Amal Nanavati, a double major in computer science and global studies in the Class of 2018, has received two prestigious prizes — the Fulbright Award and the inaugural K&L Gates Prize.
The Fulbright Award, sponsored by the U.S. Department of State, offers new and recent graduates research, study and teaching opportunities in more than 140 countries. Nanavati is one of five Carnegie Mellon University recipients this year.
Nanavati will conduct research in human-robot interaction under the supervision of Professor Takayuki Kanda at Kyoto University. His research will investigate how robots can learn to work and communicate with humans in smooth, natural ways by observing human-to-human interactions. He plans to continue human-robot interaction research as he pursues a Ph.D. at the University of Washington the following year.
The $5,000 Gates Prize, supported by the K&L Gates Endowment for Ethics and Computational Technologies, is being presented for the first time this year. The prize recognizes a graduating senior who has "best inspired his fellow students at the university to a love of learning through a combination of intellect, high scholarly achievement, engagement with others and character."
He will receive the prize during the School of Computer Science diploma ceremony this Sunday.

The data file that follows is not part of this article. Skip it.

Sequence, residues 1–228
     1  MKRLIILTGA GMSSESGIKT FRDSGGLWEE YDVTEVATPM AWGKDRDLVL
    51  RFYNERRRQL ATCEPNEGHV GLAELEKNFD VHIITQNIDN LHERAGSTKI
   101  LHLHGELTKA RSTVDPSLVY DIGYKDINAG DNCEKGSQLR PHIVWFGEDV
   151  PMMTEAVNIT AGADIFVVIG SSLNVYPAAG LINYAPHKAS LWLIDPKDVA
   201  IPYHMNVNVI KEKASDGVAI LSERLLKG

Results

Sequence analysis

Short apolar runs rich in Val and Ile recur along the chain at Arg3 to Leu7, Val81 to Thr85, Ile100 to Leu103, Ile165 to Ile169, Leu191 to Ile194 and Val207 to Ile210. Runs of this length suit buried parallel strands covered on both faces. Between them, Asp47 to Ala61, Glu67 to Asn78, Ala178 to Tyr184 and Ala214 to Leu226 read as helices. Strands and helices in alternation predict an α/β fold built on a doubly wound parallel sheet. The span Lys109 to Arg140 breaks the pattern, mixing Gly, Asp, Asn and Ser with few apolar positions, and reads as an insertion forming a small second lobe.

Nanavati, of Fremont, Calif., said that growing up in Silicon Valley instilled in him the conviction that technology leads to solutions, which lead to human progress. He dreamed of joining a startup and building apps that change the world. After his first year at CMU, he traveled to Bengaluru, India, as part of a team from TechBridgeWorld, then a Robotics Institute lab that developed technologies for underserved communities around the world. He and his fellow team members worked with schools for blind and deaf children, developing a device to teach students how to write in Braille, software to help teachers document their local sign language, and a collection of games to help students who are deaf understand and visualize their voices during speech therapy class.
"That 2015 trip to Bengaluru rattled my views about technology," he said, motivating him to study how history and social structures perpetuate inequalities worldwide. "I have abandoned my naive faith that 'technology leads to human progress' and am committed to utilizing technology, together with an understanding of social context, to assist the underserved," he added.
At CMU, he involved himself in research with Aaron Steinfeld, associate research professor of robotics, using robots to help blind travelers navigate indoor spaces. He co-founded and led Teknowledge, an educational outreach group that teaches computer science at under-resourced public schools in Pittsburgh. He returned to Bengaluru last year to enhance the speech-therapy games developed during his first visit.
"Overall, engaging in community service and outreach during my time at CMU taught me the importance of immersing myself in a community to discover their contexts, needs and perspectives," he said. "I have also learned that tacking any real-world problem requires interdisciplinary perspectives. Finally, outreach at CMU taught me that sustainability, both for technological tools and for organizations, is key. I intend to carry these lessons with me as I continue to pursue community-centric research and outreach in my future academic career."
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